Sainsbury's Targets Sustainable Cocoa by 2025

Sainsbury's aims for 100% sustainable cocoa by 2025 (Credit: Rainforest Alliance)
UK supermarket chain Sainsbury's aims for 100% sustainable cocoa by 2025, tackling ESG issues with traceability, collaboration & ethical sourcing

Cocoa is a vital ingredient in a range of confectionery and bakery products at Sainsbury’s. Most of the cocoa comes from Ghana and Côte d’Ivoire in West Africa, where smallholder farmers grow it.

With this comes significant human rights and environmental risks in cocoa-producing regions. The main challenge throughout the industry is income inequality, with many farmers not receiving a living income. As a business, Sainsbury's is looking to ensure a safe, reliable, and affordable supply of cocoa by taking effective mitigation measures.

Sainsbury's 'committed to sustainable sourcing'

The business is committed to its sustainable sourcing. Sainsbury’s defines sustainable sourcing as ensuring it knows the origins of the ingredients, upholding its sourcing standards and policies, and constantly addressing both the environmental and human rights impacts of the products with suppliers.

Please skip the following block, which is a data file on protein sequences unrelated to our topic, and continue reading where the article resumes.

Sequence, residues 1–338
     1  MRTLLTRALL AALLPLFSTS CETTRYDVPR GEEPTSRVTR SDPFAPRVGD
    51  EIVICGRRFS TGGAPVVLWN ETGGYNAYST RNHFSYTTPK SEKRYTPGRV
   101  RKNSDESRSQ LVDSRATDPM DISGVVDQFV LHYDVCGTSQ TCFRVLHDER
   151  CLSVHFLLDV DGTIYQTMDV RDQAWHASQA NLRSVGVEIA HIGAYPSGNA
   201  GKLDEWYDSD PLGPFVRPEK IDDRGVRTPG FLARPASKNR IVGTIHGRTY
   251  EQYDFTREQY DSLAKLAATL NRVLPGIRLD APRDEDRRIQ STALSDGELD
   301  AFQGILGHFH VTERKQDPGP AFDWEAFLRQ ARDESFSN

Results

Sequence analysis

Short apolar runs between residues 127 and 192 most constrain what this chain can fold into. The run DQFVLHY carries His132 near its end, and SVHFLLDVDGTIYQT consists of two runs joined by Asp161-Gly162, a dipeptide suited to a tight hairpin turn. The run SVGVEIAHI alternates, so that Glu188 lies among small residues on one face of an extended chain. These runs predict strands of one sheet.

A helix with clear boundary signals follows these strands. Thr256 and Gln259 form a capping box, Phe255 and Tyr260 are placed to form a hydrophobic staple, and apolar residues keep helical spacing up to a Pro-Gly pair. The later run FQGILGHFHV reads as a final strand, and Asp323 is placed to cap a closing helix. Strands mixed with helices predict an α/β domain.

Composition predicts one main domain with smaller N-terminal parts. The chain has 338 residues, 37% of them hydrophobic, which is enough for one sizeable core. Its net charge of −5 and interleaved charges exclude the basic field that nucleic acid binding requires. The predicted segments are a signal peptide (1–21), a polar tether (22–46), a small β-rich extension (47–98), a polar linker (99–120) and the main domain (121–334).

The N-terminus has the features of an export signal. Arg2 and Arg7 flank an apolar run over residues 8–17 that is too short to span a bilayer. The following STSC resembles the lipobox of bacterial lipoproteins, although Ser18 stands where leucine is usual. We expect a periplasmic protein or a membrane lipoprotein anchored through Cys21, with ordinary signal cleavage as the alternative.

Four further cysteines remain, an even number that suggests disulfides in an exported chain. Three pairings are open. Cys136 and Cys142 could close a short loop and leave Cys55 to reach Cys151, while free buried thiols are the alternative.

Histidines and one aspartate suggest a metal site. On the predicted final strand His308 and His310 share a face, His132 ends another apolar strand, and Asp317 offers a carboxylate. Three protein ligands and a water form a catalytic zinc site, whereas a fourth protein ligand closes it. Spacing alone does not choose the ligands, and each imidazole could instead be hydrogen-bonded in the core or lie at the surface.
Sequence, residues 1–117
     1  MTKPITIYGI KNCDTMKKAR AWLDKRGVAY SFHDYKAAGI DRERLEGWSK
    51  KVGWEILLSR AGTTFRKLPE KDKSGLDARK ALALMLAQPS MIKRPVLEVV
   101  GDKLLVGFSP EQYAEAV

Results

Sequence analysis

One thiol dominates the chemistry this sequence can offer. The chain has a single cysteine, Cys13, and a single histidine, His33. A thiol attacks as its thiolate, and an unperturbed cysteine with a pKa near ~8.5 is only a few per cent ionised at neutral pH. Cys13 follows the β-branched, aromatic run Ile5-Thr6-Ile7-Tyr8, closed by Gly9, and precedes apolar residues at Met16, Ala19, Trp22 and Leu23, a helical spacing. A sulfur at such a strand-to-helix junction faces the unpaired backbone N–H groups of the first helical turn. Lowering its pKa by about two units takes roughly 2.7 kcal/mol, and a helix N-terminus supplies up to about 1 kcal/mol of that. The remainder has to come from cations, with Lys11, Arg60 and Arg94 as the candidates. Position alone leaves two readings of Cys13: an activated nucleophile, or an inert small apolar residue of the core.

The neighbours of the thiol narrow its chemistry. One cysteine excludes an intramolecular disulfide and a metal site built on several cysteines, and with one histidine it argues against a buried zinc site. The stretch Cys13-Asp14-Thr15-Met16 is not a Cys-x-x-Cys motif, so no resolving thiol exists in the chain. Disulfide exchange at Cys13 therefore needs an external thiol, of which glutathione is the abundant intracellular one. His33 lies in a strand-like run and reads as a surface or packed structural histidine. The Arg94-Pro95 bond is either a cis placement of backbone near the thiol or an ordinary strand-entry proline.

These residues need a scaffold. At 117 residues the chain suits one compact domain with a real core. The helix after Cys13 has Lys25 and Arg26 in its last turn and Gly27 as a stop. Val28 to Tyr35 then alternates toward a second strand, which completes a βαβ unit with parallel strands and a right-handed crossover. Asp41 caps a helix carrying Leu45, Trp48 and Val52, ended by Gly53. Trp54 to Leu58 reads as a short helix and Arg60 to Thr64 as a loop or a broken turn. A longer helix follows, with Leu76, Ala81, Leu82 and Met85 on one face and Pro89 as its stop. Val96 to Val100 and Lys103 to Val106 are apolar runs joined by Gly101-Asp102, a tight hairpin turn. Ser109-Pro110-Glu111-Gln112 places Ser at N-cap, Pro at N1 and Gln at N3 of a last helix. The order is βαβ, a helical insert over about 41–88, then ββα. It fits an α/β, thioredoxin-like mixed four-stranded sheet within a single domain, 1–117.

At COP26, held in November 2021, Sainsbury’s committed to ensure its own-brand product supply chain would be Deforestation and Conversion Free (DCF) by 2025, with a cut-off date of 2020.

This includes the cocoa supply chains, which is why the business has committed to sourcing 100% sustainable cocoa in all its own-brand products with cocoa as an ingredient by 2025, as well as committing to increasing the volumes of fully traceable cocoa.

As part of its Plan for Better initiative, Sainsbury’s is steadfast in its commitment to reporting transparently on its performance. At this time, 83%* of its block chocolate range is already certified sustainable.